Reformed Churchmen

We are Confessional Calvinists and a Prayer Book Church-people. In 2012, we remembered the 350th anniversary of the 1662 Book of Common Prayer; also, we remembered the 450th anniversary of John Jewel's sober, scholarly, and Reformed "An Apology of the Church of England." In 2013, we remembered the publication of the "Heidelberg Catechism" and the influence of Reformed theologians in England, including Heinrich Bullinger's Decades. For 2014: Tyndale's NT translation. For 2015, John Roger, Rowland Taylor and Bishop John Hooper's martyrdom, burned at the stakes. Books of the month. December 2014: Alan Jacob's "Book of Common Prayer" at: January 2015: A.F. Pollard's "Thomas Cranmer and the English Reformation: 1489-1556" at: February 2015: Jaspar Ridley's "Thomas Cranmer" at:

Saturday, December 18, 2010

The Anglo-Reformed Movement - The Lambeth Articles (1595)

The Anglo-Reformed Movement - Anglicans in the Wilderness

The Lambeth Articles (1595)

The Lambeth Articles were drawn up by Dr. William Whitaker, Regius Professor of Divinity in Cambridge, with input from Dr. Richard Fletcher (Bishop of London), Dr. Richard Vaughan (Bishop-elect of Bangor) and Humphrey Tyndall (Dean of Ely). They were formally approved by the Archbishop of Canterbury (Dr. John Whitgift), the Archbishop of York (Dr. Matthew Hutton), the Bishop of London (Dr. Richard Fletcher), the Bishop-elect of Bangor (Dr. Richard Vaughan), and other prelates convened at Lambeth Palace, London (20 November, 1595) whose intent was that they be not new laws and decrees, but rather an explanation of certain points already established by the 39 Articles, particularly its soteriology. This view, that they represented a compromise, is not the majority view today. Rather, the majority view is that they represented an extreme Calvinist view that served only to promote argument. See Article.

Although the Lambeth Articles were never formally added to the Church of England's Thirty-Nine Articles (1563), they were accepted by the Dublin Convocation of 1615 and engrafted on the Irish Articles (1615), which are believed to have been largely the work of James Ussher, who was to become Archbishop of Armagh and Primate of All Ireland (1625-1656). In the Church of Ireland, the Lambeth Articles obtained for some time a semi-symbolical authority. It is stated that they were exhibited at the Synod of Dordt (1618-1619) by the English deputies, as the judgment of the Church of England on the Arminian controversy.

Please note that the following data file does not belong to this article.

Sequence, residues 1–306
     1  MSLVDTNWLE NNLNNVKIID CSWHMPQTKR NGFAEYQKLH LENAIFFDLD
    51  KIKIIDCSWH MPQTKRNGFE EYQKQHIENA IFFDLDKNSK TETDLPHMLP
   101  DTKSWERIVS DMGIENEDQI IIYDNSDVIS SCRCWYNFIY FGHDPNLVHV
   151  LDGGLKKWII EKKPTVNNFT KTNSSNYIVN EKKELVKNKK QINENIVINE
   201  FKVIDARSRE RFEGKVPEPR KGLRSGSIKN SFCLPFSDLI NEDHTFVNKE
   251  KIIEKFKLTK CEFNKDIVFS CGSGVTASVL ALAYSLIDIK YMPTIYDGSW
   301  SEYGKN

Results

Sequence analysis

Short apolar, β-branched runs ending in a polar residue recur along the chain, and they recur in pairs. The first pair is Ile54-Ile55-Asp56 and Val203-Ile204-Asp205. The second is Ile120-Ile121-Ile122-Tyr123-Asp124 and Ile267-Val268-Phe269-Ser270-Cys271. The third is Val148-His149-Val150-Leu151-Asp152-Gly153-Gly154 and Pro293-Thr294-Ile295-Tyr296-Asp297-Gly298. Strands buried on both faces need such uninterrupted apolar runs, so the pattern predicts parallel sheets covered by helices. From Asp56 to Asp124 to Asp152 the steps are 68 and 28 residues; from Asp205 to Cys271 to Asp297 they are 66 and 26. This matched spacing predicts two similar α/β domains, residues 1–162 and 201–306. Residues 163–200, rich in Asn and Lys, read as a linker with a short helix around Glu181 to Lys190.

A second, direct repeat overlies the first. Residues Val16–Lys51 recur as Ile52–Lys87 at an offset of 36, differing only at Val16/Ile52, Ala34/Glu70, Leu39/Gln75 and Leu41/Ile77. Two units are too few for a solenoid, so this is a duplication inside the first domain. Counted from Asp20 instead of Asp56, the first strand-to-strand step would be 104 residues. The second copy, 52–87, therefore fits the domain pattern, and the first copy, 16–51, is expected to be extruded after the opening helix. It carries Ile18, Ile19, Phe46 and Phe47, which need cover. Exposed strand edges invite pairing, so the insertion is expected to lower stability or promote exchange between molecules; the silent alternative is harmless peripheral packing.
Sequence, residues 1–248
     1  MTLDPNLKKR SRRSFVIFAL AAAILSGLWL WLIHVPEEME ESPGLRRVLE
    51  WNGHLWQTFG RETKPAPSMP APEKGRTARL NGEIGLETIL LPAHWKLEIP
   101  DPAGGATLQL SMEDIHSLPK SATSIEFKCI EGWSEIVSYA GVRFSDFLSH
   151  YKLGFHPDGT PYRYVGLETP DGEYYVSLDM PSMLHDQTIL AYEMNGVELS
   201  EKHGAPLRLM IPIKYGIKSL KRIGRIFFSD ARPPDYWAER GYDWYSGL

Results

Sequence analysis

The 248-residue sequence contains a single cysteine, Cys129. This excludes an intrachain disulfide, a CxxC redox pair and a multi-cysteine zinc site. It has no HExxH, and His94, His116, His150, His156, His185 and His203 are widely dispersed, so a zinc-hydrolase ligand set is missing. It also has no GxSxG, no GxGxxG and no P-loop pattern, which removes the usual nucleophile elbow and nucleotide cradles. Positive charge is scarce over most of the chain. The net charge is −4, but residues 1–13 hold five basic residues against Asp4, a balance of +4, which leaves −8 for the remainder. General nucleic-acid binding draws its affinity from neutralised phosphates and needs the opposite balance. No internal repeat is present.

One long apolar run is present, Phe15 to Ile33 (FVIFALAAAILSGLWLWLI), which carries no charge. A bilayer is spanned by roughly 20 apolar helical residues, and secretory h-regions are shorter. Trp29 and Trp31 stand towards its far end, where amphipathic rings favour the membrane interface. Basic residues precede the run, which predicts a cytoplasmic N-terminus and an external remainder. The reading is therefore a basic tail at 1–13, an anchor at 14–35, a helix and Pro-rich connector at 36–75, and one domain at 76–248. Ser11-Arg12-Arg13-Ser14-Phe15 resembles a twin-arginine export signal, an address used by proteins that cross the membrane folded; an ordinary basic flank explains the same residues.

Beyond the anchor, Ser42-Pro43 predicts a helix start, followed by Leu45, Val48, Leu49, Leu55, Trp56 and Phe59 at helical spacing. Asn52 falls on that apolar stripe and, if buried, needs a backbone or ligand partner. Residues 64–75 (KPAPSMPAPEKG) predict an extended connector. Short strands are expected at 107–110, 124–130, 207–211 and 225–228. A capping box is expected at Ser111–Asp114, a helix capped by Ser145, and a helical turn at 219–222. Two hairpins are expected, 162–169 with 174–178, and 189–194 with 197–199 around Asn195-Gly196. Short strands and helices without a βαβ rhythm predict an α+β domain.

Sadly, today, in most Anglican churches around the world, the Lambeth Articles are either unknown or rejected. Even before 1595 the soteriology of the Church of England had begun to drift away from Calvinism, and in the years to follow the falling away would become ever more pronounced, eventually resulting in the rejection not only of the predestinarian views of the Lambeth Articles but also of those in the 39 Articles, and their replacement by the works-righteousness and free-will views of Roman Catholics and Wesleyans.

One suspects that the Lambeth Articles of 1595 were drawn up in expectation of Anglicanism's doctrinal difficulties that were yet to come, and in hopes that they might be avoided.

The Lambeth Articles (1595)

1.God from eternity has predestined some men to life, and reprobated some to death.
2.The moving or efficient cause of predestination to life is not the foreseeing of faith, or of perseverance, or of good works, or of anything innate in the person of the predestined, but only the will of the good pleasure of God.
3.There is a determined and certain number of predestined, which cannot be increased or diminished.
4.Those not predestined to salvation are inevitably condemned on account of their sins.
5.A true, lively and justifying faith, and the sanctifying Spirit of God, is not lost nor does it pass away either totally or finally in the elect.
6.The truly faithful man—that is, one endowed with justifying faith—is sure by full assurance of faith ("plerophoria fidei") of the remission of sins and his eternal salvation through Christ.
7.Saving grace is not granted, is not made common, is not ceded to all men, by which they might be saved, if they wish.
8.No one can come to Christ unless it be granted to him, and unless the Father draws him: and all men are not drawn by the Father to come to the Son.
9.It is not in the will or power of each and every man to be saved.

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